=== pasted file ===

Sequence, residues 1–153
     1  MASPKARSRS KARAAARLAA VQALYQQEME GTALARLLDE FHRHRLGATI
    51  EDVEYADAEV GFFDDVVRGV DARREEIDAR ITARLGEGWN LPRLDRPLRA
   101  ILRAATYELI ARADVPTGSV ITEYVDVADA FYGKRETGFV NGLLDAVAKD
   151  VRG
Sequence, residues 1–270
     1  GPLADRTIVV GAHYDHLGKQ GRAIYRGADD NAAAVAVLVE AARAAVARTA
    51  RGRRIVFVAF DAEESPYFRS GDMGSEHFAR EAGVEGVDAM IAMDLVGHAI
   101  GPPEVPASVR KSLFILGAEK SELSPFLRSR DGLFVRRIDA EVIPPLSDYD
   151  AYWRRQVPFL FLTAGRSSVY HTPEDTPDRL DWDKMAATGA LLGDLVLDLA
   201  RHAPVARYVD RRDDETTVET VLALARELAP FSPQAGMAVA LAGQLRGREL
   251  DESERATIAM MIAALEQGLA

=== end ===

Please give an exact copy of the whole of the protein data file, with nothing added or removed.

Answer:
Sequence, residues 1–153
     1  MASPKARSRS KARAAARLAA VQALYQQEME GTALARLLDE FHRHRLGATI
    51  EDVEYADAEV GFFDDVVRGV DARREEIDAR ITARLGEGWN LPRLDRPLRA
   101  ILRAATYELI ARADVPTGSV ITEYVDVADA FYGKRETGFV NGLLDAVAKD
   151  VRG
Sequence, residues 1–270
     1  GPLADRTIVV GAHYDHLGKQ GRAIYRGADD NAAAVAVLVE AARAAVARTA
    51  RGRRIVFVAF DAEESPYFRS GDMGSEHFAR EAGVEGVDAM IAMDLVGHAI
   101  GPPEVPASVR KSLFILGAEK SELSPFLRSR DGLFVRRIDA EVIPPLSDYD
   151  AYWRRQVPFL FLTAGRSSVY HTPEDTPDRL DWDKMAATGA LLGDLVLDLA
   201  RHAPVARYVD RRDDETTVET VLALARELAP FSPQAGMAVA LAGQLRGREL
   251  DESERATIAM MIAALEQGLA